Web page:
Friday, 14 January 2011

Getting what you ask for (oh, and it IS a popularity contest)

 

   I posted earlier this week about one of my submissions for this Summer’s Enterprise 2.0 conference in Boston: HR2.0 and the Future of HR (I also posted on some other submissions about Culture and the Social Business on my other blog).

In my HR2.0 post, I also noted that the conference’s selection process – using an enterprise 2.0 system from Spigit -  is something a lot more conferences should use: “It doesn’t guarantee a good conference,but it gets much nearer to this”.  It also establishes a lot of early interest in the conference, which those of you following the #e2conf twitter hashtag will have seen!

Of course, the process is wide open to gaming too (something that can be controlled within an organisation, but not, at least easily, in this sort of application).  And I was interested to see a call from the conference organiser not to treat the process as a popularity contest!

The thing is, it IS a popularity contest.  OK, the selection of presentations will not be down just to the voting, but there clearly is designed to be a link.  That being the case, people will want to get votes, and will take the actions they see fit to support this.

Now, personally, I’ve tried to focus on raising interest in my proposals, rather than directly asking for votes:

 


 Jon Ingham 
More on my social cultures / outcomes proposals for  -http://bit.ly/hTSc1I

  


 Jon Ingham 
RT @ @: Check out HR 2.0 - what it is and how it impacts E2.0. Voting underway! 

 

Or at least I started off that way, but as this week’s gone on, I’ve turned to my blogs, Linkedin, and the Spigit site as well, to promote my proposals as much as I can.  And of course, this post is also a dressed up request to ask for your VOTE!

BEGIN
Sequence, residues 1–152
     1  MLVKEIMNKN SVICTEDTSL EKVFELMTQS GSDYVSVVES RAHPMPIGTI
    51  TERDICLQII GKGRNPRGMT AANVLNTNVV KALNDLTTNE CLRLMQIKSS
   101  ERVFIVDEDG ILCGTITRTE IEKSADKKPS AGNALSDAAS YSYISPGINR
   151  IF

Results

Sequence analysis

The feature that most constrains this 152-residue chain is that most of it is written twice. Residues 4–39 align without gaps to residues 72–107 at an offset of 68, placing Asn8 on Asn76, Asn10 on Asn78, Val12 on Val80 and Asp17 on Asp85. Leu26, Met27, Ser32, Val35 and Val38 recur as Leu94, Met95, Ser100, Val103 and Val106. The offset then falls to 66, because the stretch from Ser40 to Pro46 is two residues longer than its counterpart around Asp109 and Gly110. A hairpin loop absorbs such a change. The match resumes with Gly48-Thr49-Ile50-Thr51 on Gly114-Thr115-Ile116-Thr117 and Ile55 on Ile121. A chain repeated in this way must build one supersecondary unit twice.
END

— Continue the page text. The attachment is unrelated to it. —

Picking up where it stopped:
And this behaviour is, of course, exactly what the conference organisers should expect!  It’s not about cheapening the process, it’s about getting what you reward.  If you ask for it, you’re going to get it, and shouldn’t be too surprised when you do.

I’ve written in my proposals about the need to get HR involved in Enterprise 2.0 – in this proposal in fact (please vote for it!!! (lol)).  And this is perhaps an example of this requirement.  HR people are used to designing effective compensation schemes to encourage the right behaviours, and ensuring we avoid getting the behaviours we don’t want.

We know in this profession that if we incentivise oil men and women to prioritise exploitation over safety and risk management that the result’s not going to be good.  We know that if we compensate bankers for risk taking they’re going to take actions that will have negative consequences for us all.  We know that paying hospital consultants £1000 for hour hours overtime is going to result in them finding more things to do within the day so that they can do more overtime at night.  Don’t we?

Perhaps not then.

If you reward certain behaviour, that’s going to be the behaviour you’re going to get back.  Why’s that so hard to understand?

 

 

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